The power of commitment

Margaret Mead
Cultural anthropologist Margaret Mead. (Photo: Wikipedia)
Cultural anthropologist Margaret Mead lamented that one should “never doubt that a small group of thoughtful, committed, citizens can change the World”. “Indeed, it is the only thing that ever has,” she said.اضافة اعلان

While many may prefer the relatively easy road of accepting the status quo, there are always a few who, despite witnessing an immovably harsh reality, care enough to envisage a better future and take an initiative, who rally support and make a real difference.

In Jordan, a landmark example is Himmetna, the civil society organization focused on improving circumstances for healthcare service users. Translated loosely but befittingly, himmetna can mean “our effort” or “our drive”; fortunately, the team behind it went far beyond just choosing a good name for themselves. Since its inception, a mere three years ago, the organization has united different partners around a noble and singular goal. It has implemented intuitive effective solutions and simply pressed on, garnering much well-deserved recognition in the process.

The founder, Fadia Samara, comes from a healthcare leadership background and has a personal commitment to reaffirm the healthcare-related rights of people. Latterly, this has been through her work with the Patient Protection Coalition and elsewhere. Second only to her role as a devoted mother, she has made it her life’s work to ensure that as many persons as possible have access to effective and appropriate care in a timely, affordable and dignified manner.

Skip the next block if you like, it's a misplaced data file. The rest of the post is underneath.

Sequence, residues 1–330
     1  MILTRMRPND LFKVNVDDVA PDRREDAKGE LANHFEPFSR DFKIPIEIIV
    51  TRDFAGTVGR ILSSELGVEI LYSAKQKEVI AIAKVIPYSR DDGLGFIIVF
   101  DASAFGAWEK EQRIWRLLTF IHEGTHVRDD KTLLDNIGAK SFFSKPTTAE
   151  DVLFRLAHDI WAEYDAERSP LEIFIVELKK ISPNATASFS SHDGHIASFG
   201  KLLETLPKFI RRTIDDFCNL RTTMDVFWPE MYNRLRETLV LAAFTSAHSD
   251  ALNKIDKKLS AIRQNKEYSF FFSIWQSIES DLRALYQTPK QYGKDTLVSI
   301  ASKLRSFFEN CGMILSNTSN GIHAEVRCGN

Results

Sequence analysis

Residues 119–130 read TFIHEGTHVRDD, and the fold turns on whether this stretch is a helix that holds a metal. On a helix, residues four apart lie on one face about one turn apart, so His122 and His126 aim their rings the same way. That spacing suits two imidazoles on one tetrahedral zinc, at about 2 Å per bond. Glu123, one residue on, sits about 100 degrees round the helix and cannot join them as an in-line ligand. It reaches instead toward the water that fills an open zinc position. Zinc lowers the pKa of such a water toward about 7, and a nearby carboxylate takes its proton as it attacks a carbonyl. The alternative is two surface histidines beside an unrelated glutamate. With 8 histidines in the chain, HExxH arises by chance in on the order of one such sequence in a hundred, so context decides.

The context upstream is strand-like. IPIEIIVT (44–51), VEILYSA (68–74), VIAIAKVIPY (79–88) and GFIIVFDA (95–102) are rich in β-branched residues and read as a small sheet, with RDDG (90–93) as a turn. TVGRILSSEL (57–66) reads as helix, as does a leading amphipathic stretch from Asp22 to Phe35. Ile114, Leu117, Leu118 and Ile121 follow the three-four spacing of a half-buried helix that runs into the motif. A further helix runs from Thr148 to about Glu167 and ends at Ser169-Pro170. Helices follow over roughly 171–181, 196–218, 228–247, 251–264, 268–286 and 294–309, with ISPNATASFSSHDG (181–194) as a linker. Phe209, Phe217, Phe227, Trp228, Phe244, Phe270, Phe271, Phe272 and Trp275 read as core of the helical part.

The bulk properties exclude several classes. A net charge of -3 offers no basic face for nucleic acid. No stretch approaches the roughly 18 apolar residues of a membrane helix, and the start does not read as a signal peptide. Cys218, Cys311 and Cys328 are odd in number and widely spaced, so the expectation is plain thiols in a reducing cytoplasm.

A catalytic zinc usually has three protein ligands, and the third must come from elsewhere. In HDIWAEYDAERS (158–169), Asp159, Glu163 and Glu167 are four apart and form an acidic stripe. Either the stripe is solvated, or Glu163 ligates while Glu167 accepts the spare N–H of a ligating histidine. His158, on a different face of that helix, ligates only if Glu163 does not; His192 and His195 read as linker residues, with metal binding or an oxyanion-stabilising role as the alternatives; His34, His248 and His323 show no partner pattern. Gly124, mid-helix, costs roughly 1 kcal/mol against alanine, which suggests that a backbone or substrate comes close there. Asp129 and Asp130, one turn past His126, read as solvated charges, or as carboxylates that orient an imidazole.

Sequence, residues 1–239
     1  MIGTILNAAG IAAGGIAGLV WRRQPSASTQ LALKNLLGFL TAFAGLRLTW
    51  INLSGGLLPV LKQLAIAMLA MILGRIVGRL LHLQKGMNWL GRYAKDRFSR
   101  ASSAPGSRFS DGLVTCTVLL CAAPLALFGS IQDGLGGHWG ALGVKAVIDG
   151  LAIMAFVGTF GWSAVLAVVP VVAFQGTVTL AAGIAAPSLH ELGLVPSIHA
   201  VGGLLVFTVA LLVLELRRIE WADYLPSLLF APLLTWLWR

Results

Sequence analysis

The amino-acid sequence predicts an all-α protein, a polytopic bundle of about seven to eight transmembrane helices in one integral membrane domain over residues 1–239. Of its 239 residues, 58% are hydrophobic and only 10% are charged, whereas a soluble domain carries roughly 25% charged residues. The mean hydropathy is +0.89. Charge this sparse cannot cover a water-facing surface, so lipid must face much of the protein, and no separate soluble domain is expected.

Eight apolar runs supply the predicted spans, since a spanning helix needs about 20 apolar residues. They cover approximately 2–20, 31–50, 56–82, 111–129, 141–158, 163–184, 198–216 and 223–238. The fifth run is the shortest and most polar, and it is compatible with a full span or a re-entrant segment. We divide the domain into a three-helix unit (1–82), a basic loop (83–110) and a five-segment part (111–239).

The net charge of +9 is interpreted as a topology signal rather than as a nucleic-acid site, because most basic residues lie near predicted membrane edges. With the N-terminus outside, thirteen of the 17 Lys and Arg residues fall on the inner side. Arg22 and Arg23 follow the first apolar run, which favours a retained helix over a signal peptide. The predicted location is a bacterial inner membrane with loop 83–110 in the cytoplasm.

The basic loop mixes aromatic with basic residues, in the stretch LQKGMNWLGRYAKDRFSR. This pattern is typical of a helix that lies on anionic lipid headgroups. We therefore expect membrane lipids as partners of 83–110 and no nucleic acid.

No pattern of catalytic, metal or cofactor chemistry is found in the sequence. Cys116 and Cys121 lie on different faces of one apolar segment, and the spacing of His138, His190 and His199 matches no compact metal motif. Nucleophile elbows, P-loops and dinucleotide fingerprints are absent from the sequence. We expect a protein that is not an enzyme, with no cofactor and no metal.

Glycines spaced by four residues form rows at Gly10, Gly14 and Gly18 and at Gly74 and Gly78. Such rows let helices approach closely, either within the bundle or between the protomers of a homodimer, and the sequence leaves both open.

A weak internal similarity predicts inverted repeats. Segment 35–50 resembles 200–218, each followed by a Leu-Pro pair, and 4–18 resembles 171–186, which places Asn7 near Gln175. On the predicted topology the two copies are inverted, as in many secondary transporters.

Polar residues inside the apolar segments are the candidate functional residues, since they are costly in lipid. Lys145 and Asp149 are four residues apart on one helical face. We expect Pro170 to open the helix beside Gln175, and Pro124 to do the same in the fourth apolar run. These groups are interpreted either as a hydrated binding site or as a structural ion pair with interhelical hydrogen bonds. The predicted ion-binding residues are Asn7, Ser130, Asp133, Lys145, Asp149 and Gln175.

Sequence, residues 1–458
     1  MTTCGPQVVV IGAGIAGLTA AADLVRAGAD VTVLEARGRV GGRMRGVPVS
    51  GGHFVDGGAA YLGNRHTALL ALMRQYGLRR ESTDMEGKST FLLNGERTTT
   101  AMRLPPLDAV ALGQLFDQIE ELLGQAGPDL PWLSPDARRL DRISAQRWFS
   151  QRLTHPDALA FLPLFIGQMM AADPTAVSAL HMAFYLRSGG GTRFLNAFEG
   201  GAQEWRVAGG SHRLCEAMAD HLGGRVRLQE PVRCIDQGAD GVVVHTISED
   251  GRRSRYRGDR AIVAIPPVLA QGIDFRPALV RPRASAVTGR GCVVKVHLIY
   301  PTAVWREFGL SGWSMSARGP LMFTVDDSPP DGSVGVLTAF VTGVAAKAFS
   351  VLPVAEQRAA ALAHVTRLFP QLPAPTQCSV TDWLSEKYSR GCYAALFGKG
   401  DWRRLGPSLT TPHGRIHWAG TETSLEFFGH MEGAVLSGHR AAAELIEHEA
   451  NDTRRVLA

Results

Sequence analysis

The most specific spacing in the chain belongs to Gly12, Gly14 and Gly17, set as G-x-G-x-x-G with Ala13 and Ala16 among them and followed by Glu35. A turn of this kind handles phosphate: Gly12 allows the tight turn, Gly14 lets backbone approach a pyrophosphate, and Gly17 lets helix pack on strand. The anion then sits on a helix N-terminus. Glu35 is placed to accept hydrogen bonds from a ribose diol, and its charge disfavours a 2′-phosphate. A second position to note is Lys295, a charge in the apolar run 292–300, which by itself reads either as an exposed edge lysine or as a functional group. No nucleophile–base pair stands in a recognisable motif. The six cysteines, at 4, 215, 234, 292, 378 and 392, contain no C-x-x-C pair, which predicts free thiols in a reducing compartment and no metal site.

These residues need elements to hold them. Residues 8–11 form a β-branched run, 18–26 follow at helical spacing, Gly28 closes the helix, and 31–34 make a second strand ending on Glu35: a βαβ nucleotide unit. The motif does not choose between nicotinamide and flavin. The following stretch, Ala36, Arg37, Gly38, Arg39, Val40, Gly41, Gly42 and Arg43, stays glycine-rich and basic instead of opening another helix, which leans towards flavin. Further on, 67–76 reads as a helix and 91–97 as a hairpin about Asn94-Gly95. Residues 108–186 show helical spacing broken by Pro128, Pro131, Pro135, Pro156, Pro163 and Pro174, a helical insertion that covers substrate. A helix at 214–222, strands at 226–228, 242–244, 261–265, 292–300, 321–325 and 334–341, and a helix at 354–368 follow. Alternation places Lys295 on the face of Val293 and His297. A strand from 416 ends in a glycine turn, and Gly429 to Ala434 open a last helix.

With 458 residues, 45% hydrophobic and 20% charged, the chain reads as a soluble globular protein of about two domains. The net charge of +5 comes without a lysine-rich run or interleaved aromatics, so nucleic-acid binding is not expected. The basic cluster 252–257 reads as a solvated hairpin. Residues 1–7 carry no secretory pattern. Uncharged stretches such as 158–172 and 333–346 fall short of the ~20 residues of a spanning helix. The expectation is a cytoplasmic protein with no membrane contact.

The concept of meaningful “universal health coverage” remains surprisingly unattainable for many around the globe, overshadowed by limited resources or strong backwinds and special interests. Notably, even the US is still struggling, and not always moving forward, to achieve this for its population, despite immense national spending on healthcare.

In Jordan, we can call upon virtually all the medical and allied healthcare expertise that we need. We can access the latest evidence-based treatments and technology and are able to plan and design facilities in a way that adheres to global standards. By focusing on deploying healthcare coverage and services in a value-driven and equitable way, embracing innovative practices while leveraging comprehensive primary and preventative care, we should be able to drive continuous improvement in outcomes and wellbeing of our population.

What can be more pressing and worthwhile than ensuring ease of access for those seeking care, than making services effectively available where they are not, and securing healthcare equitably, irrespective of distance or affordability.
Government investment in healthcare should be optimized and directed at areas where institutions can perform most effectively or even exclusively, ensuring a level of protection and coverage for the most vulnerable, sidelined communities, with overarching strategies based on up-to-date information and feedback.
Having defined the goal, Samara rightfully recognized that the components required were at hand: human capital, knowledge, financing, and the ability to coordinate efforts and channel them into a single service stream. Like much of Jordan’s resources, these simply needed to be mined. Next came a strong governance structure and a committed team with complementary skill sets, mutual trust, a clear strategy and a lean transformation model implementable within the prevailing context.